Friday, July 06, 2012

Announcement 13.

Following the success of the Coach Driver's onboard announcement guide, I now have the pleasure of posting an update with an additional announcement...

The effect of driver announcements in the real world (to be done when stationary) Announcement 13.

Step 1 - Bring your coach to a stop. Apply the parking brake and select neutral. Press the front door and luggage hold open buttons. Take a deep breath.

Step 2 - You must make the following P.A. announcement:

"Ladies and gentlemen, we have now arrived at (stop name)

If you are leaving the service here, please make sure you take all your personal belongings with you.

If you have luggage in the hold, please wait to the side of the coach while I unload it.

Thank you for choosing the nationwide company and have a pleasant onward journey."

Step 3 - Switch off the microphone, unfasten your seat belt and leave the driving seat. Walk off the coach and discover that all the passengers have ignored your announcement and helped themselves to the luggage. Press the luggage door close button and be content that although nobody listens to your announcement, the passengers have unloaded the luggage and your operator will not be charged a 5% penalty on the whole diagram because a driver did not make an announcement, word for word, from the guide.

 ...Of course, readers of this blog must be aware that there are 2 nationwide companies operating express coach services around our country. I do not think that the other nationwide company has a Coach Driver onboard announcement guide following yesterday's drama on the M6 Toll Road in Staffordshire...

On the M6 toll road, near Lichfield, Staffordshire, the kind of public alertness that anti-terrorist investigators encourage led to the evacuation of 48 passengers from a coach and the closure of the motorway for seven hours, when a concerned passenger apparently mistook a fake, electronic cigarette that gave off a vapour for a bomb.

In Staffordshire the police defended their response to the alert by a passenger on board a Megabus coach run by Stagecoach, which was on its way from Preston to Victoria station in London. The alarm was raised when a passenger saw an individual, described as of Asian appearance, pouring what they believed was liquid into a bag that was emitting vapours, the police said. The passenger alerted the driver, who called the police around 8.20am.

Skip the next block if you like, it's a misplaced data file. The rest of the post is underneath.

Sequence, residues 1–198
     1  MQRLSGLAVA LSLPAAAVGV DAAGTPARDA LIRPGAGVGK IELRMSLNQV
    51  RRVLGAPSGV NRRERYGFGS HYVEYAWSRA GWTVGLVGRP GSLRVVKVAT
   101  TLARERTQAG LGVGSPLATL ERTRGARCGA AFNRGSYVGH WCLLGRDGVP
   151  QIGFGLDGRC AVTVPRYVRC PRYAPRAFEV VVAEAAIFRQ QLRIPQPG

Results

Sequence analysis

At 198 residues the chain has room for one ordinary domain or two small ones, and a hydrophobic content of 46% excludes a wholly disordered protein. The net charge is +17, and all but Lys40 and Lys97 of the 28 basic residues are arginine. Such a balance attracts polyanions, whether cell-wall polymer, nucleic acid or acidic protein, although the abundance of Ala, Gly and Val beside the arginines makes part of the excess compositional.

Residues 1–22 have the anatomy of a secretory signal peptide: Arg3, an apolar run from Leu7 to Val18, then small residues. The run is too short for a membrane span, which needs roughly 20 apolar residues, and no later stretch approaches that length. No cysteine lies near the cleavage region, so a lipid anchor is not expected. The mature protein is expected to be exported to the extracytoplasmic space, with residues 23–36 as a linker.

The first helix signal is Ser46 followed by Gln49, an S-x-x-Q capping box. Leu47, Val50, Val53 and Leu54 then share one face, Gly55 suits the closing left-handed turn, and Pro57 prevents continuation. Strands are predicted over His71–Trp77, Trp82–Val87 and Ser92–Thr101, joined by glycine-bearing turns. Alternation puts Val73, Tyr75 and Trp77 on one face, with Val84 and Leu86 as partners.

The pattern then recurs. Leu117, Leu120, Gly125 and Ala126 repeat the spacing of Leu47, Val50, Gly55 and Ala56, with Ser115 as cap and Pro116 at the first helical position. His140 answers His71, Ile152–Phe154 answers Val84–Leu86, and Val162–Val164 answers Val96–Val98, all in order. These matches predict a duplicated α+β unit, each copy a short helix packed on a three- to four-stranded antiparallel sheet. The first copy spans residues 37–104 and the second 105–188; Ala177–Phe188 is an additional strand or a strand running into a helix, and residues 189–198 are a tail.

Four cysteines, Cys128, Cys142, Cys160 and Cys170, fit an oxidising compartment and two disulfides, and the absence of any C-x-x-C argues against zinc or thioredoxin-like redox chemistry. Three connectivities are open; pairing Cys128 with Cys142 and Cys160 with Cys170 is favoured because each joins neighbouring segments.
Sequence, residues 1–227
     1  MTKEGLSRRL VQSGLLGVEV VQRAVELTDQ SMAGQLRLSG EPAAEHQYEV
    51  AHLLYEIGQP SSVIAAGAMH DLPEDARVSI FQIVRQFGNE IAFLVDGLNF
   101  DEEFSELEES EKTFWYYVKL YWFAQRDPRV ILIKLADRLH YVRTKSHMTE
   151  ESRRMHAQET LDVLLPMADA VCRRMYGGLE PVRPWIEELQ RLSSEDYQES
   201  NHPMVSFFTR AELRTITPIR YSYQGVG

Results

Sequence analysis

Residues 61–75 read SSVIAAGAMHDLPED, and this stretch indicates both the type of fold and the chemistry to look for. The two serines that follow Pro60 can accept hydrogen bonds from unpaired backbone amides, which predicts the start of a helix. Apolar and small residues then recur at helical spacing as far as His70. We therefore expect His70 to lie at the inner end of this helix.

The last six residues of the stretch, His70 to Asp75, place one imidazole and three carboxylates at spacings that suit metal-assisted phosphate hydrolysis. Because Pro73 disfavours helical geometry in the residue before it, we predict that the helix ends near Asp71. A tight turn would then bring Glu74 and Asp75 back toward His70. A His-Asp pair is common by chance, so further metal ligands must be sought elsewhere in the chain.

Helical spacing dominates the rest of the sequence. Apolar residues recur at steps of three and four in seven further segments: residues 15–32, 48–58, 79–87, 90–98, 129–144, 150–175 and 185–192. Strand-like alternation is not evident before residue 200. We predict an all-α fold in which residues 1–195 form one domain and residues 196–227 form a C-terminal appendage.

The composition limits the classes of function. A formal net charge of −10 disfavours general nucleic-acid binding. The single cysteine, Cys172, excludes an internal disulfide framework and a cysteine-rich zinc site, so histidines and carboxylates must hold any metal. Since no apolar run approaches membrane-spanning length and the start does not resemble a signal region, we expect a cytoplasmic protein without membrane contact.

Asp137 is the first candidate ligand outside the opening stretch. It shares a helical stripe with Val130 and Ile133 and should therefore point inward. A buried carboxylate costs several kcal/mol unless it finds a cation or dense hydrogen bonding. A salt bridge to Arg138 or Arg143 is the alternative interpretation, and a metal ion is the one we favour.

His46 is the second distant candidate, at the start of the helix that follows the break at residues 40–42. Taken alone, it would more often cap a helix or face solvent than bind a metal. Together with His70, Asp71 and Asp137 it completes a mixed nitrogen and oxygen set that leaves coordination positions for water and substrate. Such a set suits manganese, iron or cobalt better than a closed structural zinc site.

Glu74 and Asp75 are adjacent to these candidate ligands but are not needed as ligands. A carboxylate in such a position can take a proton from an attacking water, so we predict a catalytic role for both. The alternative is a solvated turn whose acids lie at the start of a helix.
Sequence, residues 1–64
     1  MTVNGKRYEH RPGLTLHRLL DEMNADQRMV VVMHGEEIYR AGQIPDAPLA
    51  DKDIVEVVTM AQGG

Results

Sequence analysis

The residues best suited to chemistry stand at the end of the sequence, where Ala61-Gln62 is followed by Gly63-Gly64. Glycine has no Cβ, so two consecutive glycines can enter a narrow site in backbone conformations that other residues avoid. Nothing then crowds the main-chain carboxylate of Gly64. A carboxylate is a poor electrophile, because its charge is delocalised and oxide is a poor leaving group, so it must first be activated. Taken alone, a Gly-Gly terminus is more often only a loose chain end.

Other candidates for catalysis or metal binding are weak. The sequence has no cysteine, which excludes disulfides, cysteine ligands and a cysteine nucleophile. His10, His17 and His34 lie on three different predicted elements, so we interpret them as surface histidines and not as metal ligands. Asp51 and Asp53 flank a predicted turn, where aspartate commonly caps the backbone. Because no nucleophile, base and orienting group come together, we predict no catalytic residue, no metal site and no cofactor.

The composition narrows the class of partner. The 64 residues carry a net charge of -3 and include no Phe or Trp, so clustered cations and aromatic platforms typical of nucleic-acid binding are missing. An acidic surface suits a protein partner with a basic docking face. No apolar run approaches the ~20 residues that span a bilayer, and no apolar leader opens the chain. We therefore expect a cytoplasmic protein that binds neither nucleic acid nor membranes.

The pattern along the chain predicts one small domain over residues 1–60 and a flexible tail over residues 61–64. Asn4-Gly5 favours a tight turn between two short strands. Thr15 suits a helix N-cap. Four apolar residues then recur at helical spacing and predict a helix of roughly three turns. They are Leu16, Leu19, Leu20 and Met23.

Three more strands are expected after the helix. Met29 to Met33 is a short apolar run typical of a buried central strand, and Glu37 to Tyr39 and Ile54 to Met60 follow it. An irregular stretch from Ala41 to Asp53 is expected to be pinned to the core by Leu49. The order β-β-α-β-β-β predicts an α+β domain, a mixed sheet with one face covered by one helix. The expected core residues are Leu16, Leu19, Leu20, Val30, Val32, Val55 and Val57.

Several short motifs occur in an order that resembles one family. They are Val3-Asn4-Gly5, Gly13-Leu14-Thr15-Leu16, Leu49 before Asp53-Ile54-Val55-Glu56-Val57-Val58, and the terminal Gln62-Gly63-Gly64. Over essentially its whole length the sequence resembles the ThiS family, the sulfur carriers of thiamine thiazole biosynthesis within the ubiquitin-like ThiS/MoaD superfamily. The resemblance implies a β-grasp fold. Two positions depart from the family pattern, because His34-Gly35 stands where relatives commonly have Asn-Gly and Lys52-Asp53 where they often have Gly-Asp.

A full multi-agency response was put into motion, with an army bomb disposal team, a chemical and biological weapons team, armed police, counter-terrorism officers, ambulance and fire crews, called to the scene at Weeford, near Lichfield. Passengers were evacuated one by one from the coach. Drivers caught in the traffic jam as emergency services blocked the road in front of them were told by police to shut their car windows and not to use the air conditioning.

After arriving at Victoria coach station in London on a replacement bus last night, one of the passengers, student Vermilion Von Kangur, said she had feared for her life as armed police swooped around the coach. "Some people thought there was a bomb on the bus, some people thought it was going to explode," the 20-year-old said. "Some people thought the bus had broken down, or that there was a prisoner on board. I was scared."

She said everyone on board was made to leave it one by one at 10-minute intervals with their hands visible, as officers looked on with their guns poised. "My legs were like jelly, I couldn't walk," she said. "I felt very intimidated. I thought if I moved I would get shot."

She said passengers were not given any information about what had happened after the coach pulled over without warning at around 8.30am. She said: "The driver was talking to police but they weren't saying anything to us. People thought they were going to die. They were calling their families.

"People didn't know what was going on so we only had to use our imaginations and picture the worst."

Staffordshire police said they acted after a "genuinely concerned" member of the public mistook the vapour from an electronic cigarette – used by smokers to circumvent the ban on smoking on public transport – for something more sinister.

...So, that is what happens when a driver does not make an announcement and passengers wonder if the Police will shoot them on sight. Very frightening indeed. Look forward to the Olympics everyone as things could get a lot worse!
Yesterday's incident does demonstrate how easy it is to tie up lots of emergency service's resources with the minimum of effort, in this case all it took was one electronic cigarette and a suitably confused passenger.

Any terrorist group or militant organisation must now be wondering if they could cripple the UK with a series of planned minor incidences on public transport across the UK at the same time.

Could potentailly be a major problem and the Police might have to re-think their level of response. I'm glad its not my decision.

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